(Bloomberg) -- When Volvo Car Group broke ground on its first U.S. assembly plant in 2015, it was a proud step in the Swedish automaker’s rebound and global expansion, not a chess move in anticipation of a possible trade war.

Now that the plant is about to begin production, it’s poised to serve as a small hedge against tariffs at a time when economic barriers are being erected almost daily.

The carmaker on Wednesday will reveal its new S60 mid-size sedan, a redesigned model that will replace one currently produced in China and imported into the U.S. Making the car in South Carolina enables the company to sidestep the tariffs President Donald Trump applied this month to Chinese autos. But with the model accounting for less than 9 percent of Volvo’s U.S. sales this year through May, most of the lineup will still be exposed to any import taxes that target countries in Asia or Europe.

As a Swedish carmaker owned by a Chinese billionaire and creating jobs in the American South, Volvo is a poster child for how globally interconnected the auto industry has become. It’s been flourishing under the light-touch patronage of its owner, Li Shufu’s Zhejiang Geely Holding Group Co., investing $11 billion since 2010 to expand and modernize its manufacturing footprint and overhaul its product lineup.

Volvo still has more investing to do. The new plant 40 miles northwest of Charleston will officially begin production of the S60 later this year with 1,100 employees. It’s adding the ability to make the XC90 sport utility vehicle by 2021 and anticipates employing 3,900 within five years at the $1.1 billion complex.

“They’re fortunate they made this call, and I think it’s probably going to play out for them quite well,” said Charlie Chesbrough, senior economist at researcher Cox Automotive. Manufacturing in the U.S. insulates Volvo’s U.S. market share from “whatever volatility there may be out there from the negotiations.”

While U.S. auto sales have been slipping from their 2016 peak, Volvo’s deliveries were up 41 percent this year through May. Chief Executive Officer Hakan Samuelsson is trying to reach 800,000 global vehicle sales by 2020 -- 40 percent more than last year’s record.

Trump’s Trade Tiffs

Samuelsson may have to overcome Trump’s trade moves, which increasingly have put automakers on edge. With interest rates and gasoline prices rising, Trump increased manufacturers’ costs by imposing tariffs on imported steel and aluminum. Last month, he ordered an investigation into auto imports on national security grounds. Tariffs of as much as 25 percent that are said to be under consideration as part of that probe could cost the U.S. at least 1 million annual vehicle sales, according to researcher LMC Automotive.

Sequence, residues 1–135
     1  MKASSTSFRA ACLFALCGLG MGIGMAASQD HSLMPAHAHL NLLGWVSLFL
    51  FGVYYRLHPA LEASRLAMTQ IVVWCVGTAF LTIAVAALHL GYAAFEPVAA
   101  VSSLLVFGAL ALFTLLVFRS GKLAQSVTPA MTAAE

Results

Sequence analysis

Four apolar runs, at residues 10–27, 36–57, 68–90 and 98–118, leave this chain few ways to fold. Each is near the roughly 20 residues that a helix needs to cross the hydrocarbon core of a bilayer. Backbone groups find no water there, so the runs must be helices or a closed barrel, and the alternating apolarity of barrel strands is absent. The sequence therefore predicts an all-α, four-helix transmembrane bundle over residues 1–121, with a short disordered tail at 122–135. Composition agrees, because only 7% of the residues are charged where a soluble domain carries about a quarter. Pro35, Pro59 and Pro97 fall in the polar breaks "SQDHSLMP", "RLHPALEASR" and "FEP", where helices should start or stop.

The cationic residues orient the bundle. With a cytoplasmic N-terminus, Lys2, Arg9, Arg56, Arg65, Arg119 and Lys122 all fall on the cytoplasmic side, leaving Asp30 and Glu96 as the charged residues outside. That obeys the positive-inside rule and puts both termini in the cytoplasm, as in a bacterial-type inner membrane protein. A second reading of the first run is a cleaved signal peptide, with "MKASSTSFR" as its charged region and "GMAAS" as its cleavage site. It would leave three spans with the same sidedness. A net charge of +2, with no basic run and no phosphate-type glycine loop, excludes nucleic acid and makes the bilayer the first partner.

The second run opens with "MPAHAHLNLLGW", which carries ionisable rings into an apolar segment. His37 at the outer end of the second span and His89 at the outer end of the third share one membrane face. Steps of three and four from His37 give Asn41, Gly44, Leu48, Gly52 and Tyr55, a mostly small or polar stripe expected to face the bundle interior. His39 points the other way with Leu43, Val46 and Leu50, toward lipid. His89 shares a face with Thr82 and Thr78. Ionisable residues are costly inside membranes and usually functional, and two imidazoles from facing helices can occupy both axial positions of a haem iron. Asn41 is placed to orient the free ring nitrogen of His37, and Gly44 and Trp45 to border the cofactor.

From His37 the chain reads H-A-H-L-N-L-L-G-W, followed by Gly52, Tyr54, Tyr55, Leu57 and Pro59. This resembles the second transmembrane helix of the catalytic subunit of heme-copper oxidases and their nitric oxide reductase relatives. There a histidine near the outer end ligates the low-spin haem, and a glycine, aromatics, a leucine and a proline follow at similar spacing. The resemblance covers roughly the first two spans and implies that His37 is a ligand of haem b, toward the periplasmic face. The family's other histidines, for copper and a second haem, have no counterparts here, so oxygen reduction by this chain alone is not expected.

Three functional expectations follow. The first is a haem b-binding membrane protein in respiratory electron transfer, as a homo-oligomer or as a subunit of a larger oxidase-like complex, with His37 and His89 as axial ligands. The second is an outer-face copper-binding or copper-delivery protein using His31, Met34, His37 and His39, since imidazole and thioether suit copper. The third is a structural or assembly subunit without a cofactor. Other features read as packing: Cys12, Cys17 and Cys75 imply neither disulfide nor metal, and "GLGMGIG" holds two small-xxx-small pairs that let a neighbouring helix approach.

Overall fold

On Friday, Trump vowed to impose tariffs on at least $50 billion in Chinese goods, including a 25 percent tariff on imported cars. After Beijing threatened to retaliate, Trump pledged to tax an additional $200 billion in Chinese imports. Global stocks retreated as concerns mounted that the world’s two-biggest economies are headed toward a trade war.

Even with its U.S. plant, Volvo remains extremely vulnerable to taxes on imported cars. The Gothenburg, Sweden-based automaker imported all of the 81,651 cars it sold in the U.S. last year, and imports will still make up 87 percent of sales in 2019, according to LMC estimates.

Trump, who’s focused much of his ire on German automakers, wrote on Twitter in March that he would raise taxes on cars imported from all of Europe if the EU doesn’t lower its trade barriers. Most Volvos sold in the U.S. are assembled in Sweden or Belgium.

‘Safest Bet’

While tariffs on foreign-made cars would hurt U.S. consumers by driving up prices, they could help the president achieve his goal of boosting domestic manufacturing, Chesbrough said.

“Any business that was thinking of doing anything -- building infrastructure, opening a new factory -- the U.S. would be the safest bet and getting safer, given the situation,” he said.

Volvo’s new 1,600-acre factory is capable of producing as many as 150,000 cars a year, nearly double last year’s U.S. sales volume. The company has also added two vehicle assembly factories and an engine plant in China since Li, Geely’s billionaire founder, acquired the company up from Ford Motor Co. in 2010.

South Carolina, with its coastal port and limited presence of labor unions, is a popular spot for foreign automakers. BMW AG has its largest plant in the world upstate in Spartanburg, and Daimler AG in September expects to complete construction of a plant near Charleston to produce Mercedes-Benz Sprinter vans. About 66,000 people work at more than 400 auto-related companies in South Carolina, according to the state’s commerce department.

To contact the reporter on this story: Gabrielle Coppola in New York at gcoppola@bloomberg.net

To contact the editors responsible for this story: Craig Trudell at ctrudell1@bloomberg.net, Jamie Butters

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